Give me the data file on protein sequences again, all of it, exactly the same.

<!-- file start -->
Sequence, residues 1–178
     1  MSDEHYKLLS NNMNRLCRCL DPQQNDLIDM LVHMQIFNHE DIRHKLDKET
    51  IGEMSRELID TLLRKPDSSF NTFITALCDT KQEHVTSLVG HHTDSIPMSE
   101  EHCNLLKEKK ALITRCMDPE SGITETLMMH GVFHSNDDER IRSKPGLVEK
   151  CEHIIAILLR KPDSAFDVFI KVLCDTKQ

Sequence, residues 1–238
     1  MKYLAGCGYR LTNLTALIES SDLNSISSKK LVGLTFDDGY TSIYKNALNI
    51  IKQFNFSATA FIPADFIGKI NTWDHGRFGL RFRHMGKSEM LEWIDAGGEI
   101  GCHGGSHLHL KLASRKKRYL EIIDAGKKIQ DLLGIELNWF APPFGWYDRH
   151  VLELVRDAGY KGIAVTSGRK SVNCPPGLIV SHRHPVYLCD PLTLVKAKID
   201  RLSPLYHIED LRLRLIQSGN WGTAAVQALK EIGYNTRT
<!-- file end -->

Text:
Sequence, residues 1–178
     1  MSDEHYKLLS NNMNRLCRCL DPQQNDLIDM LVHMQIFNHE DIRHKLDKET
    51  IGEMSRELID TLLRKPDSSF NTFITALCDT KQEHVTSLVG HHTDSIPMSE
   101  EHCNLLKEKK ALITRCMDPE SGITETLMMH GVFHSNDDER IRSKPGLVEK
   151  CEHIIAILLR KPDSAFDVFI KVLCDTKQ

Sequence, residues 1–238
     1  MKYLAGCGYR LTNLTALIES SDLNSISSKK LVGLTFDDGY TSIYKNALNI
    51  IKQFNFSATA FIPADFIGKI NTWDHGRFGL RFRHMGKSEM LEWIDAGGEI
   101  GCHGGSHLHL KLASRKKRYL EIIDAGKKIQ DLLGIELNWF APPFGWYDRH
   151  VLELVRDAGY KGIAVTSGRK SVNCPPGLIV SHRHPVYLCD PLTLVKAKID
   201  RLSPLYHIED LRLRLIQSGN WGTAAVQALK EIGYNTRT